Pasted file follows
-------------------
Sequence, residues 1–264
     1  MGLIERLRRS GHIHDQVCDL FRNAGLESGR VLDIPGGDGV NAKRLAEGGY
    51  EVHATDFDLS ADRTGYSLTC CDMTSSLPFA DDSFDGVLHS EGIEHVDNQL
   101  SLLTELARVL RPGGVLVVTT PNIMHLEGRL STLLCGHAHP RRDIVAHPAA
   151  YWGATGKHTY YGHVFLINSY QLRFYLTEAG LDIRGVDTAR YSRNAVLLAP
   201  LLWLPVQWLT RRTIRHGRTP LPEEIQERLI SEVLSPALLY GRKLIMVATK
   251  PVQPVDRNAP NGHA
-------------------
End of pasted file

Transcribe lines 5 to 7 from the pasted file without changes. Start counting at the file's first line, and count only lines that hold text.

   151  YWGATGKHTY YGHVFLINSY QLRFYLTEAG LDIRGVDTAR YSRNAVLLAP
   201  LLWLPVQWLT RRTIRHGRTP LPEEIQERLI SEVLSPALLY GRKLIMVATK
   251  PVQPVDRNAP NGHA